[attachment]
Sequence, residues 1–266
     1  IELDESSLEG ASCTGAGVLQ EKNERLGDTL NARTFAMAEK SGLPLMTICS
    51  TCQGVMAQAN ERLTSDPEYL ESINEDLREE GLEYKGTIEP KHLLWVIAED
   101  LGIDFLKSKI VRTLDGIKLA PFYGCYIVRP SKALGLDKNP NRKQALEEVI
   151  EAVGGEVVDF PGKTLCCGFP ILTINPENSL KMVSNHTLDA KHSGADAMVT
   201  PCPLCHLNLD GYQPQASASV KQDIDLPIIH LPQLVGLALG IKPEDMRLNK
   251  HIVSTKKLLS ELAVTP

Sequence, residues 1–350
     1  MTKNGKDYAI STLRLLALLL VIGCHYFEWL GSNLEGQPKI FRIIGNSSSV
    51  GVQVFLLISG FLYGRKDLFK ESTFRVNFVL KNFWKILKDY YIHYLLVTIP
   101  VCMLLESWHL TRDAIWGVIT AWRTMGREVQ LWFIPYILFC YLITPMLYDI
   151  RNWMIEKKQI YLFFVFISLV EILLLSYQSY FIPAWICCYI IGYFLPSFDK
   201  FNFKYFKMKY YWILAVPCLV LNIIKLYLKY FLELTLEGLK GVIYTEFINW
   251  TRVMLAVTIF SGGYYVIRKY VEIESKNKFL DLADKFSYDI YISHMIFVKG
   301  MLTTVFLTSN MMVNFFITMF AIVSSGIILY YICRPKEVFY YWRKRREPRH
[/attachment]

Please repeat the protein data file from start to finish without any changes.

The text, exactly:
Sequence, residues 1–266
     1  IELDESSLEG ASCTGAGVLQ EKNERLGDTL NARTFAMAEK SGLPLMTICS
    51  TCQGVMAQAN ERLTSDPEYL ESINEDLREE GLEYKGTIEP KHLLWVIAED
   101  LGIDFLKSKI VRTLDGIKLA PFYGCYIVRP SKALGLDKNP NRKQALEEVI
   151  EAVGGEVVDF PGKTLCCGFP ILTINPENSL KMVSNHTLDA KHSGADAMVT
   201  PCPLCHLNLD GYQPQASASV KQDIDLPIIH LPQLVGLALG IKPEDMRLNK
   251  HIVSTKKLLS ELAVTP

Sequence, residues 1–350
     1  MTKNGKDYAI STLRLLALLL VIGCHYFEWL GSNLEGQPKI FRIIGNSSSV
    51  GVQVFLLISG FLYGRKDLFK ESTFRVNFVL KNFWKILKDY YIHYLLVTIP
   101  VCMLLESWHL TRDAIWGVIT AWRTMGREVQ LWFIPYILFC YLITPMLYDI
   151  RNWMIEKKQI YLFFVFISLV EILLLSYQSY FIPAWICCYI IGYFLPSFDK
   201  FNFKYFKMKY YWILAVPCLV LNIIKLYLKY FLELTLEGLK GVIYTEFINW
   251  TRVMLAVTIF SGGYYVIRKY VEIESKNKFL DLADKFSYDI YISHMIFVKG
   301  MLTTVFLTSN MMVNFFITMF AIVSSGIILY YICRPKEVFY YWRKRREPRH